Jack White Donates $200,000 for Sound Preservation Effort

Gift is first for National Recording Preservation Foundation

Jack White performs in Belfort, France.
David Wolff - Patrick/Getty Images
July 29, 2013 10:55 AM ET

Jack White has donated $200,000 to the National Recording Preservation Foundation, an organization dedicated to safeguarding the nation's recorded sound history. White's donation is the first the group has received, Billboard reports.

"With this contribution we can now put up our basic structure, begin enacting the preservation plan – and give out our first grants. We're committed to doing that right away, and certainly within the coming months," Executive Director Gerald Seligman said.

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The National Recording Preservation Foundation, established as a component of the National Preservation Act, is an independent, non-profit charity affiliated with the Library of Congress. The group's mission is to support libraries, archives and cultural institutions in their quest to preserve radio, music and recorded sound. The inaugural gift from White will allow the foundation to begin awarding grants as part of its preservation plan.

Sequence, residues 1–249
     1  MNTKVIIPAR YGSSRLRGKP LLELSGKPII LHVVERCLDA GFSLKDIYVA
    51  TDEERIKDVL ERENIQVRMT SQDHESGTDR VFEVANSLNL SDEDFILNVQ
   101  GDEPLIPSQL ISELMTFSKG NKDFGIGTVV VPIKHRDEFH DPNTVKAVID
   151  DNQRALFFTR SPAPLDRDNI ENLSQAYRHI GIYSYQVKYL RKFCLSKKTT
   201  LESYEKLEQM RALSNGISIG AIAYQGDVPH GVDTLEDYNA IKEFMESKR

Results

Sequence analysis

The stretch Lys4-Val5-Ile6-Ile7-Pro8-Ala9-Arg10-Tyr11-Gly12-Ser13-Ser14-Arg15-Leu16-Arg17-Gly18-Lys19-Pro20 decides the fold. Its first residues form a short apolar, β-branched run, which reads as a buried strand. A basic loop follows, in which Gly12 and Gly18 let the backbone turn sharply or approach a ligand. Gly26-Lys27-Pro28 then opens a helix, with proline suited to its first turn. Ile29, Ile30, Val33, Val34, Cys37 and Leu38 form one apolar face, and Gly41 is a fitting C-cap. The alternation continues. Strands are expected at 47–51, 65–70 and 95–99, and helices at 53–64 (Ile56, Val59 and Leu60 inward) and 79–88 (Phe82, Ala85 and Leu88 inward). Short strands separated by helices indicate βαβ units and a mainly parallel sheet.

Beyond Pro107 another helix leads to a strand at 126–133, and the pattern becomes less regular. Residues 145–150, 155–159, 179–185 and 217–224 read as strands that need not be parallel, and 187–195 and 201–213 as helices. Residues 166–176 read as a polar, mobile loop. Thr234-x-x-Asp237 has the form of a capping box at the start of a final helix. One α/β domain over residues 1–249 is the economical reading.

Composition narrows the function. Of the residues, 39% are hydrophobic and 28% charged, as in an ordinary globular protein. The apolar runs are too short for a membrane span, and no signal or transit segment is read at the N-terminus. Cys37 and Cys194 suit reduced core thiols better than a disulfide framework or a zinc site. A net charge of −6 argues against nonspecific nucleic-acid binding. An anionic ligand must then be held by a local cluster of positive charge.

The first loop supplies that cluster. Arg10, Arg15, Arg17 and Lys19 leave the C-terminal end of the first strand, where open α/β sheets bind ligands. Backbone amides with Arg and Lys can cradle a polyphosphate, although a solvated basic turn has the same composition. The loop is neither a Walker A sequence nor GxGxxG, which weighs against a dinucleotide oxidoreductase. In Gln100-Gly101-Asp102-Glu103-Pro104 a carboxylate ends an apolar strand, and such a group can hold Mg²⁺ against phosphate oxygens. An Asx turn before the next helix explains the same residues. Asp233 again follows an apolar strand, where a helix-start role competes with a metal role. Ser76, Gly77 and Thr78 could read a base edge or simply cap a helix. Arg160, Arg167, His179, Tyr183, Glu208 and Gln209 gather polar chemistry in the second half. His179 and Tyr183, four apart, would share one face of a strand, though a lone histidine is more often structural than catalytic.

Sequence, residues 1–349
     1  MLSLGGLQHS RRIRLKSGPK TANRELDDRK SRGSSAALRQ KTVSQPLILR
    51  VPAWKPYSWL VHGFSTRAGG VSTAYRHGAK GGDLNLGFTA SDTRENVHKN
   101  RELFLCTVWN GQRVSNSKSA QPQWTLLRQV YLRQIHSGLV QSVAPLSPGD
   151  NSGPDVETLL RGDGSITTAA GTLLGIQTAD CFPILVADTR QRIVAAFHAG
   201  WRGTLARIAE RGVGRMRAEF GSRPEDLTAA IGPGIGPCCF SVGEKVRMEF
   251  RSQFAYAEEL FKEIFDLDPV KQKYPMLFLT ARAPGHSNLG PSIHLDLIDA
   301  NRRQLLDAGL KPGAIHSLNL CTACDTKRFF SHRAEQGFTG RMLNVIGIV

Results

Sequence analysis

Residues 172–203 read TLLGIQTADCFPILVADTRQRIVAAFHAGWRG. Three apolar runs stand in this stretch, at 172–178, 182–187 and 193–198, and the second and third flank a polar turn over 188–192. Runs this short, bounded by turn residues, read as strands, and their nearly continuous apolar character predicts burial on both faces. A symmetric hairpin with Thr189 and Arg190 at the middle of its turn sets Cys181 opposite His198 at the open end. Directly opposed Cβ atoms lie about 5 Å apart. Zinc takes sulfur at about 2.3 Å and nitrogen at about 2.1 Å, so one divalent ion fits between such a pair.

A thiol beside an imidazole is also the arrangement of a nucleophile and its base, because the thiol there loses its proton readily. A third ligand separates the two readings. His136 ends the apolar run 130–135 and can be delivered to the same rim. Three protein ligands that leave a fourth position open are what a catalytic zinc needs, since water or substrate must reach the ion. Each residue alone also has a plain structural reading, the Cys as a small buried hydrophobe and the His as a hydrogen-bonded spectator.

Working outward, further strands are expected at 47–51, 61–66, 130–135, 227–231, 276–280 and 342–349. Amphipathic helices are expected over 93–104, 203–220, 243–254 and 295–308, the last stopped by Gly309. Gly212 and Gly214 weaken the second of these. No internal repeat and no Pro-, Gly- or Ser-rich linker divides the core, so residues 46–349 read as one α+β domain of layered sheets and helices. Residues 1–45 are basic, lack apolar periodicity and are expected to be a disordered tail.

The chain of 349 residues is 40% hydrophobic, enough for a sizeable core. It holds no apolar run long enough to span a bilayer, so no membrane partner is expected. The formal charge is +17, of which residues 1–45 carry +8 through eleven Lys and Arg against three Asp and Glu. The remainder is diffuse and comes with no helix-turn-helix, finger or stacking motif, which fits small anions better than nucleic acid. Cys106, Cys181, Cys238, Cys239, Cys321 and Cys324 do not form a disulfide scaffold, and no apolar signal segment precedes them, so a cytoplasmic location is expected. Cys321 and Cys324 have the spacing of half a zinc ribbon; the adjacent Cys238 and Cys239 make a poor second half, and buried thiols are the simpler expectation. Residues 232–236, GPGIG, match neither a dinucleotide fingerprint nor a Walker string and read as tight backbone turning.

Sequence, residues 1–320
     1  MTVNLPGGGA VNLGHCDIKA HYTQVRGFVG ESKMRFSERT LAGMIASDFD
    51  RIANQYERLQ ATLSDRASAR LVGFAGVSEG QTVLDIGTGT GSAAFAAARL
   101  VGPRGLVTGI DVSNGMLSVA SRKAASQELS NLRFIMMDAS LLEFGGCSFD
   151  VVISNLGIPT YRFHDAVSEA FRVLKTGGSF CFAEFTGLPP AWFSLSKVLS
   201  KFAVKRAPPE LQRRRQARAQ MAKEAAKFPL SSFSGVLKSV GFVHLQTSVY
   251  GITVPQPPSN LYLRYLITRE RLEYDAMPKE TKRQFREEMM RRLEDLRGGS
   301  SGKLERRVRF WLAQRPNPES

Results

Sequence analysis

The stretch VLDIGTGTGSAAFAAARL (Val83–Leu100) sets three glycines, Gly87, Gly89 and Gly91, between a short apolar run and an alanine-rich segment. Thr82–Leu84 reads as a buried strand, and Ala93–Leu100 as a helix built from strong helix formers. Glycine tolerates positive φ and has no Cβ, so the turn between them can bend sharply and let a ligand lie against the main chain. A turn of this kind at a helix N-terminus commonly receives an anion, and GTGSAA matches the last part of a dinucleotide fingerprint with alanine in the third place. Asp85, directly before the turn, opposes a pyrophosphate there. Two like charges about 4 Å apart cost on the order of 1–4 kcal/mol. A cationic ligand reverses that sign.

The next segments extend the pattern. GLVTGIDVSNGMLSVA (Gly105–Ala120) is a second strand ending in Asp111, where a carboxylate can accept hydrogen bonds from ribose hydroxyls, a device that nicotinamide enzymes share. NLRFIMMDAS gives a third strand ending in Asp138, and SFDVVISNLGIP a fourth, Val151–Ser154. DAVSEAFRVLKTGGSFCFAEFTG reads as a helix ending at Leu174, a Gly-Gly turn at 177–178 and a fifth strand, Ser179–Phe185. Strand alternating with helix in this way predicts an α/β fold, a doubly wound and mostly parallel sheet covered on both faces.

White also sits on the board of the foundation, and chairman Sam Brylawski hopes that his influence will inspire others in the music industry to contribute in order "to help ensure that we are able to preserve and make accessible recent and historical recordings at risk of loss."

It's the latest charitable contribution from White, who earlier this year paid $143,000 to help save the Detroit Masonic Temple from foreclosure.

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